All eyes on Pakistan

Almost no one believes that the ISI could not have known of Bin Laden’s whereabouts.

Now that Bin Laden has gone to a watery grave, attention is focused on the role of Pakistan. Almost no one believes that he could have rented a mansion in Abbottabad, within a mile of "Pakistan's Sandhurst", without the knowledge of the Pakistani secret service (the notorious ISI).

Ming Campbell and Rory Stewart are among the British politicians who have argued that it is not credible for Pakistan to claim it did know where Bin Laden was hiding.

Elsewhere, Amrullah Saleh, the former head of Afghanistan's national security directorate, has declared: "Does Pakistan want the whole world to believe that the intelligence agency of a nuclear state did not know OBL was there?"

In an apparent attempt to deter suspicion, the ISI claimed joint responsibility for the operation but, as Barack Obama said in his statement, it was carried out by a "small team of Americans". He did, however, state that "our counterterrorism co-operation with Pakistan helped lead us to Bin Laden and the compound where he was hiding".

But, during a White House press briefing on the raid, a senior administration official pointedly noted that "we shared our intelligence on this Bin Laden compound with no other country, including Pakistan". He added: "That was for one reason and one reason alone: we believed it was essential to the security of the operation and our personnel. In fact, only a very small group of people inside our own government knew of this operation in advance."

In other words, the US simply did not trust Pakistan with the information.

UPDATE: Abdullah Abdullah, Afghanistan's main opposition leader, tells the Guardian: "It is very worrying that after ten years this man could only be captured in an operation that was kept secret from the Pakistani intelligence service. Just a few weeks ago, the Pakistanis were insisting that the US military and intelligence operations should be stopped in Pakistan and their agents should leave the country."

George Eaton is political editor of the New Statesman.

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Why relations between Theresa May and Philip Hammond became tense so quickly

The political imperative of controlling immigration is clashing with the economic imperative of maintaining growth. 

There is no relationship in government more important than that between the prime minister and the chancellor. When Theresa May entered No.10, she chose Philip Hammond, a dependable technocrat and long-standing ally who she had known since Oxford University.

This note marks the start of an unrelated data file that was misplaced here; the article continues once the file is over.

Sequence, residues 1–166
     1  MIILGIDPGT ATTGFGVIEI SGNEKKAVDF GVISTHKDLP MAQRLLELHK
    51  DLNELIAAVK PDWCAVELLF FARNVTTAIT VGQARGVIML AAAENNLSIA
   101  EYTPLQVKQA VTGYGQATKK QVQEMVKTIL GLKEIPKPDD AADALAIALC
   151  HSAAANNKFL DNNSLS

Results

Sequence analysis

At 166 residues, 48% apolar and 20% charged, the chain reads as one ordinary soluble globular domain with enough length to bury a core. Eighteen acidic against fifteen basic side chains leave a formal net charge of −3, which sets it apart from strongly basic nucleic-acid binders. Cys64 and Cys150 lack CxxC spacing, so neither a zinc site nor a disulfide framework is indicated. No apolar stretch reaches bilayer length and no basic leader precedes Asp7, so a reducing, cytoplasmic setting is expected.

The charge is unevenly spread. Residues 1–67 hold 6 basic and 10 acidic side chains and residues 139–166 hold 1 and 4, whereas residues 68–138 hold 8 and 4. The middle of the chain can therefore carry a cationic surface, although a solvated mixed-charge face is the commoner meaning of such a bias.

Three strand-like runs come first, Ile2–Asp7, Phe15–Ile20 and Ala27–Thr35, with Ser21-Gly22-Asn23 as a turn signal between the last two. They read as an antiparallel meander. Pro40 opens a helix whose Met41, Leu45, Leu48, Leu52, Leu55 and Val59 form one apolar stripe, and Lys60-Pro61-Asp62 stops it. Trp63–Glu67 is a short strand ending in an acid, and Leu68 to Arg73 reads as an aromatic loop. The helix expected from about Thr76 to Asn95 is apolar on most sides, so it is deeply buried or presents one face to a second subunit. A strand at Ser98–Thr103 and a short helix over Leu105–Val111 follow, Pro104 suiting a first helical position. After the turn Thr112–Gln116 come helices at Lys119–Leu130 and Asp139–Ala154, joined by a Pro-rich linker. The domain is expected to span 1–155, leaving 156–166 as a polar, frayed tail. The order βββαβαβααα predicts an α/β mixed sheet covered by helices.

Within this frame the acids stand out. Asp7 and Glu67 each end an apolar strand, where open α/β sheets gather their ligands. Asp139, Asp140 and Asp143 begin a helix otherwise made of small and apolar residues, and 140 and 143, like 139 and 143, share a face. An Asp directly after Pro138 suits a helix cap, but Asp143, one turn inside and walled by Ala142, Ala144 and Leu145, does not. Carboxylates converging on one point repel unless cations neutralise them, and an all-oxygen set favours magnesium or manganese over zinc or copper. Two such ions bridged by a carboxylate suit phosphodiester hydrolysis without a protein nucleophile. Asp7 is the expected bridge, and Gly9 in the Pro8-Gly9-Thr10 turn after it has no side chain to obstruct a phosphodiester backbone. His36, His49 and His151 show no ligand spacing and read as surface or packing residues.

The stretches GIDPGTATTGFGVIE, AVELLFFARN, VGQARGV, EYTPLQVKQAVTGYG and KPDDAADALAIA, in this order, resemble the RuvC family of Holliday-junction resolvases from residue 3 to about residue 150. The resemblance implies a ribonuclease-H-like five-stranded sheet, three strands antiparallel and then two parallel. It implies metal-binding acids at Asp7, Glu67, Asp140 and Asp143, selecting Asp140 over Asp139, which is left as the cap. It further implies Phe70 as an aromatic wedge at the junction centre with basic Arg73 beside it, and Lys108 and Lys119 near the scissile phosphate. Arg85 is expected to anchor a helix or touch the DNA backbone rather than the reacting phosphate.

But relations between the pair have proved far tenser than anticipated. On Wednesday, Hammond suggested that students could be excluded from the net migration target. "We are having conversations within government about the most appropriate way to record and address net migration," he told the Treasury select committee. The Chancellor, in common with many others, has long regarded the inclusion of students as an obstacle to growth. 

The following day Hammond was publicly rebuked by No.10. "Our position on who is included in the figures has not changed, and we are categorically not reviewing whether or not students are included," a spokesman said (as I reported in advance, May believes that the public would see this move as "a fix"). 

This is not the only clash in May's first 100 days. Hammond was aggrieved by the Prime Minister's criticisms of loose monetary policy (which forced No.10 to state that it "respects the independence of the Bank of England") and is resisting tougher controls on foreign takeovers. The Chancellor has also struck a more sceptical tone on the UK's economic prospects. "It is clear to me that the British people did not vote on June 23 to become poorer," he declared in his conference speech, a signal that national prosperity must come before control of immigration. 

May and Hammond's relationship was never going to match the remarkable bond between David Cameron and George Osborne. But should relations worsen it risks becoming closer to that beween Gordon Brown and Alistair Darling. Like Hammond, Darling entered the Treasury as a calm technocrat and an ally of the PM. But the extraordinary circumstances of the financial crisis transformed him into a far more assertive figure.

In times of turmoil, there is an inevitable clash between political and economic priorities. As prime minister, Brown resisted talk of cuts for fear of the electoral consequences. But as chancellor, Darling was more concerned with the bottom line (backing a rise in VAT). By analogy, May is focused on the political imperative of controlling immigration, while Hammond is focused on the economic imperative of maintaining growth. If their relationship is to endure far tougher times they will soon need to find a middle way. 

George Eaton is political editor of the New Statesman.